We know of no evidence on how β2-microglobulin varies according to age in uninfected haemophiliacs. There is some evidence that β2-microglobulin levels tend to be slightly raised in non-HIV-infected haemophiliacs compared with nonhaemophiliacs (40), although no correlation with clotting factor use was noted. However, these differences are small compared with changes induced by HIV infection and are thus unlikely to affect the generalisability of our findings to other groups. Nonetheless, the raised β2-microglobulin levels found in non-HIV-infected injection drug users (41) would have to be borne in mind if reference is made to the absolute levels used here. Race could also be a factor; 80% of our patients are Caucasian, but all races are represented. β2-microglobulin levels have been shown to differ somewhat by race in HIV infection in one study (42), but not in another (43).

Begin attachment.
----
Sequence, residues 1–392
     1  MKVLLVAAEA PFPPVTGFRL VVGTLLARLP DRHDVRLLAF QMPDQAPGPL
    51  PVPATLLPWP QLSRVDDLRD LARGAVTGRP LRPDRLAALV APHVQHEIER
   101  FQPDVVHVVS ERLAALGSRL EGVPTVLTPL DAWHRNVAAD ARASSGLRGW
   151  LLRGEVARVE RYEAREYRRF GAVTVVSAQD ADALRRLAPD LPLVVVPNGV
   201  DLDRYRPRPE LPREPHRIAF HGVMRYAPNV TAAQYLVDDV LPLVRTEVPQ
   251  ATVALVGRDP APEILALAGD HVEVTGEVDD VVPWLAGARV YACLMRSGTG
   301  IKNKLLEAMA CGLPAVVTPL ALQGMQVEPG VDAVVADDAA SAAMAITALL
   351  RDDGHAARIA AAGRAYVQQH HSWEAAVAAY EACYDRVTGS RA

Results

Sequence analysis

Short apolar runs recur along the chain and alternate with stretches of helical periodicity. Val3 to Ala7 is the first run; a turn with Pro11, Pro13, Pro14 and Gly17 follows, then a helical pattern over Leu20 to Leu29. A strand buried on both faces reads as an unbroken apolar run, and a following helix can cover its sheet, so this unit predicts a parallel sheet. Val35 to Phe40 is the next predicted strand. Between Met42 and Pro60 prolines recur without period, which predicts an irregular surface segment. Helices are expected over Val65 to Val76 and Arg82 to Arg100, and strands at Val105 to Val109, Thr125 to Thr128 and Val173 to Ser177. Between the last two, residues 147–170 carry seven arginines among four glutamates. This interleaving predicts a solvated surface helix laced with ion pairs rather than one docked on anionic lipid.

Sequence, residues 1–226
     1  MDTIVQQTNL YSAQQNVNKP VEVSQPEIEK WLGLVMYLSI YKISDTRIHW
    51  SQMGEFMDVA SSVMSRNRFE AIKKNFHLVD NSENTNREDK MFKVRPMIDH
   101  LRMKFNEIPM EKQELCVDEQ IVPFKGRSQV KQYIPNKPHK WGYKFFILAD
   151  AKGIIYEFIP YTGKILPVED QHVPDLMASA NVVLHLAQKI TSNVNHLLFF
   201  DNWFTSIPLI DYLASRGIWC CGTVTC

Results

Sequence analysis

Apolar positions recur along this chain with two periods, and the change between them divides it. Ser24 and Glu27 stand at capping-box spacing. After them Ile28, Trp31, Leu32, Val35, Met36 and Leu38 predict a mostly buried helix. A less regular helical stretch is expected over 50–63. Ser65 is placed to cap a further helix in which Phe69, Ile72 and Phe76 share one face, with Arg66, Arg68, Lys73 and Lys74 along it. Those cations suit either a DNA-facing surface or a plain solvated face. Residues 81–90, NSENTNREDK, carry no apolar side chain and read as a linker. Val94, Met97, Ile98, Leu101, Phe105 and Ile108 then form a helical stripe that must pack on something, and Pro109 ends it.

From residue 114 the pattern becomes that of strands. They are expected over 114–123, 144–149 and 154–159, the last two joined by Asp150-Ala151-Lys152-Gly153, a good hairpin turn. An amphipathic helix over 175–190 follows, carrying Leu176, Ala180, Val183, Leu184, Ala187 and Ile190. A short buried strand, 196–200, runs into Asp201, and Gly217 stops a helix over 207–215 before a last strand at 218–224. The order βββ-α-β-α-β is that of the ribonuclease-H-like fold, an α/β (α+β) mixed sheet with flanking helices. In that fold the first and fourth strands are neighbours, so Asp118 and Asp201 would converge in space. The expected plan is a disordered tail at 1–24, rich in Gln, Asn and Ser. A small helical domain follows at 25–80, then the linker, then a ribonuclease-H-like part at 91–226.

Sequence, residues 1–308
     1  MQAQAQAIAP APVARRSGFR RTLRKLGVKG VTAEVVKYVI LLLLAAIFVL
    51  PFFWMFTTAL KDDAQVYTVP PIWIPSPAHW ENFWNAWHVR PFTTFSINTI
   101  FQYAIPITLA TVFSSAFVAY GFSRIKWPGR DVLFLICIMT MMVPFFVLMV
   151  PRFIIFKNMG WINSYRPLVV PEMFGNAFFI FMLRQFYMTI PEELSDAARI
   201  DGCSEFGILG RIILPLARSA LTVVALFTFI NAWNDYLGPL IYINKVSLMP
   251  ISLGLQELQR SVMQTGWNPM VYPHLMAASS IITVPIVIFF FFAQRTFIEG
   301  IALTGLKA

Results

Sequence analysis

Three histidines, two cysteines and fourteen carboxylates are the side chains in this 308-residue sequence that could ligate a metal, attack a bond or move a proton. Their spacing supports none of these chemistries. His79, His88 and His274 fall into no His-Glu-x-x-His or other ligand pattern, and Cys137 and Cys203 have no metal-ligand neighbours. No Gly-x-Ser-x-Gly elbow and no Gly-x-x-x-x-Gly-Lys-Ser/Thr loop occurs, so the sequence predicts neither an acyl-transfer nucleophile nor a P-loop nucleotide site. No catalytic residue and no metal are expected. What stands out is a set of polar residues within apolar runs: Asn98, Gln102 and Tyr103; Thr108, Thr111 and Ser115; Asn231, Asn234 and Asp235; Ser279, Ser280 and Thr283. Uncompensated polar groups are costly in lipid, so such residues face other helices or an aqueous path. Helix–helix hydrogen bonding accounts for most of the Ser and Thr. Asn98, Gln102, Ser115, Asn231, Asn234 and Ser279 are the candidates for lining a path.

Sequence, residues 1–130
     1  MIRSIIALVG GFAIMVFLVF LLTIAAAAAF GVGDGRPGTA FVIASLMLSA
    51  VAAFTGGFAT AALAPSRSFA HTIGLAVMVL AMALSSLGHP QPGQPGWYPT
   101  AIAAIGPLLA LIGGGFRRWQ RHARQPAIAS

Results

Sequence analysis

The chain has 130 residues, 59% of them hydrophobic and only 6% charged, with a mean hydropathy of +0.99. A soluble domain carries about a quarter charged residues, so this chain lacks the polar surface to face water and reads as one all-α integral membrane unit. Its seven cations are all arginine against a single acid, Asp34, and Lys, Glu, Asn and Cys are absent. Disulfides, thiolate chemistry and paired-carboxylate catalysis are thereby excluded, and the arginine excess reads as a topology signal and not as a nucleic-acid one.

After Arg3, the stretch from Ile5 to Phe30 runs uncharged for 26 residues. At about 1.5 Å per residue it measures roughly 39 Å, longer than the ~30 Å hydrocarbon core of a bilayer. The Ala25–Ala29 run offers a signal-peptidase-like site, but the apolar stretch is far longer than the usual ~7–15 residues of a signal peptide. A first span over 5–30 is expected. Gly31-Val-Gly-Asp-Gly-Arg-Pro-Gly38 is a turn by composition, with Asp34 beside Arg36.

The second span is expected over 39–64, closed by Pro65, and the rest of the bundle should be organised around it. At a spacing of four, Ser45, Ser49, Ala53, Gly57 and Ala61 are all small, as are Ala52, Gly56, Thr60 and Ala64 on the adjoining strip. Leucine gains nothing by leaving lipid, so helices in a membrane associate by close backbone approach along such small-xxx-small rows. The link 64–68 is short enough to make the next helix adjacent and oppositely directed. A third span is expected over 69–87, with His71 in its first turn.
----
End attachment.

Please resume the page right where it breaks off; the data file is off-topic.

In summary, we have demonstrated that in men with haemophilia, the serum β2-microglobulin level measured soon after HIV-1 seroconversion helps to discriminate those who are more likely to develop severe immunodeficiency/AIDS most rapidly over the ensuing 10 years. This has implications for understanding AIDS pathogenesis and, potentially, for selecting patients who would benefit from very early treatment.
Acknowledgment: This study has received support from the Medical Research Council of the U.K. (Grant numbers SPG9219651 and G8924272).